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  1. Terrapinzflyer
    British cocaine ring smashed in France, police believe
    Police believe they have smashed a multi-million pound cocaine smuggling ring run by Britons in France with a string of arrests in quiet villages in the Dordogne.

    Up to ten Britons have been seized in a joint French and British police operation. Investigators said the suspects spent most of the year in a peaceful rural Dordogne area, from where they are accused of plotting drug runs to Britain from Spain, the Netherlands and Belgium to the UK.

    The lush southwestern French region of Dordogne is generally seen as a haven for British expatriates seeking warmer climes and a better quality of life far from urban British woes. After an initial influx of a wave of pensioners, the region now has a growing population of working Britons, but has never been associated with drugs. There is no suggestion the suspects provided local expats with cocaine.

    The police investigation, between the Toulouse judicial police and Britain's Serious Organised Crime Agency began in May last year after French customs officers stopped a man in southern France driving a British-registered Mercedes on a southern French motorway, and discovered 545,000 euros (£485,000) in cash in the back of the vehicle.

    The suspect, Stephen Campbell, allegedly insisted the money came from commissions he had earned from arranging professional footballer transfers, but investigators soon found that the notes were covered with traces of cocaine powder.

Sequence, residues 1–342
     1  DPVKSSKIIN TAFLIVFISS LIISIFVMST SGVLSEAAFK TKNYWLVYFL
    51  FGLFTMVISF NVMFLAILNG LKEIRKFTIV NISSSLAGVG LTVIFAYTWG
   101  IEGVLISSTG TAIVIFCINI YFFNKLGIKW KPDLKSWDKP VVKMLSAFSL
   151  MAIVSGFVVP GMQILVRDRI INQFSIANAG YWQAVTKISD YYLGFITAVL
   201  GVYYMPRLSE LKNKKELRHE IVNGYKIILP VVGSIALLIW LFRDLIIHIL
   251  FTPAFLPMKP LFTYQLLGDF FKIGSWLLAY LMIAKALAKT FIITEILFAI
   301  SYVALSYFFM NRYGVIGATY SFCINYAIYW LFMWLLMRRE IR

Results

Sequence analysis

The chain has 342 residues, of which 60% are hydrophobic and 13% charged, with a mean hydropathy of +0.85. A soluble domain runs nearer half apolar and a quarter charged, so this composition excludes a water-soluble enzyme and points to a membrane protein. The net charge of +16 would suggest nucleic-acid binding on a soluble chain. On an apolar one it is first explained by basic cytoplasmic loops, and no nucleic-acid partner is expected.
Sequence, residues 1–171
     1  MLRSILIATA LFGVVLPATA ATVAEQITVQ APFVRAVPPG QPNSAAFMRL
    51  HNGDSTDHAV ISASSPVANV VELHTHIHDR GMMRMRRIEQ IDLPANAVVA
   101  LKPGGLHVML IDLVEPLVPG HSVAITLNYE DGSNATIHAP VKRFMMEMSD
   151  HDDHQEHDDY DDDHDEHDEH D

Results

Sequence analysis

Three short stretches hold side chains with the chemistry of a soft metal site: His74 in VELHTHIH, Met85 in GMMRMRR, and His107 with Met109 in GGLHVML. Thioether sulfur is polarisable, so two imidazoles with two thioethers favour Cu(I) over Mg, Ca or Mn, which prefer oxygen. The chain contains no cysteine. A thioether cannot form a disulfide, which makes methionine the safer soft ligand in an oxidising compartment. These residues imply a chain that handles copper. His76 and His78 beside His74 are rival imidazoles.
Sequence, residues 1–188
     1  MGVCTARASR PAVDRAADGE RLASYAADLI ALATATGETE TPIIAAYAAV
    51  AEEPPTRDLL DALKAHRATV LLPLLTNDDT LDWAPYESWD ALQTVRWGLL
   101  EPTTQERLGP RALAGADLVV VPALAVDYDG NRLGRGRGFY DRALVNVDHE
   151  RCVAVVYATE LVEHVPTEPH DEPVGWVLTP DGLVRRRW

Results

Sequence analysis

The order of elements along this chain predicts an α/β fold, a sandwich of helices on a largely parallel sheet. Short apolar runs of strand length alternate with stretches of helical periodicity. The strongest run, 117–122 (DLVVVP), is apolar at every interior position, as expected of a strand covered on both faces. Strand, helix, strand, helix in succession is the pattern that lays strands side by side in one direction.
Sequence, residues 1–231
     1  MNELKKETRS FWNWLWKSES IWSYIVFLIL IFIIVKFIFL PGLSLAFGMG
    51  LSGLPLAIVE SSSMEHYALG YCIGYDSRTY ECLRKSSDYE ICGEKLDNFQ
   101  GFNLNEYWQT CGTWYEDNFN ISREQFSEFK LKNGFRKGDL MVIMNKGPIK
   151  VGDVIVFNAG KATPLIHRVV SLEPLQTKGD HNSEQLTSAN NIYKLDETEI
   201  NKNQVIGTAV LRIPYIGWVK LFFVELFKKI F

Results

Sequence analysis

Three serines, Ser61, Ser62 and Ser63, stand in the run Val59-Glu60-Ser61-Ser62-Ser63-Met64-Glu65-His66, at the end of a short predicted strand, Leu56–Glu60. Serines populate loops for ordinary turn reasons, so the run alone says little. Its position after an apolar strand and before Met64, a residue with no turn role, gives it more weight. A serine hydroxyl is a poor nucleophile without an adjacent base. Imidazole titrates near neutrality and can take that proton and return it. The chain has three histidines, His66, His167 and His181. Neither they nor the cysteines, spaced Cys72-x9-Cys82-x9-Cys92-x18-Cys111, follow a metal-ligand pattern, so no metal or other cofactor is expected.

In all he and others ring members are accused of transporting several hundred kilos of cocaine to Britain worth several million pounds.

    Later that year, Stephen Farrant, who lived in Dordogne, was arrested after a surveillance operation on suspicion of transporting cocaine from Spain back to Britain.

    British police snatched him in Hove, East Sussex, on 11 December.
    They found 8.5 kilograms of cocaine, worth almost half a million euros.
    French police learned that the suspected ring masterminds, Mark Bridges and Mickael Keating, lived in two small Dordogne villages – Augignac, population 821, and Champniers-et-Reilhac, population 508. They had invested in several plots of farmland and "luxury" properties.

    The pair are suspected of recruiting drugs runners in "deprived London neighbourhoods" who carried cocaine from Belgium, Spain and Netherlands to the UK by car, police said.

    On December 14, the Toulouse police arrested Mr Keating in Dordogne, while British police tracked down Mr Bridges on February 14 of this year to a private clinic in a London suburb, where he was about to have surgery.

    They also found 3 luxury vehicles and documentation on property investment in Cyprus, where they are suspected of having laundered money.

    On February 24, police arrested Sophie Smith, Mr Keating's partner, in Augignac. They found 3 notary's deeds in the house; the first for ground and a villa worth 175,000 euros (£157,000) in Augignac, the second for a villa and grounds worth 150,000 euros (£135,000) in Montrbon, and the third for three plots of land in Teygat. Miss Smith is in detention under investigation for suspected money laundering and drug trafficking.

    The police also visited Mr Bridges' parents, who live in Champniers-et-Reilhac, and found a sky blue Aston Martin DB9 and Mercedes.

    The parents were about to cash in £50,000 in treasury bonds to pay for their son's defence. They said their children "were very generous" with parents, according to an investigator.

    A senior police official in Toulouse described arrested suspects as living "comfortably without ostentatious luxury as they didn't want to draw attention to themselves," he told the Daily Telegraph.

    "To find a bunch of Britons living in Dordogne is hardly a surprise: they had no trouble blending in," he added.

    Police have seized the group members' properties and belongings. The investigation is "ongoing but almost complete" and may implicate "up to ten people".

    By Henry Samuel in Paris
    Published: 7:00AM GMT 23 Mar 2010



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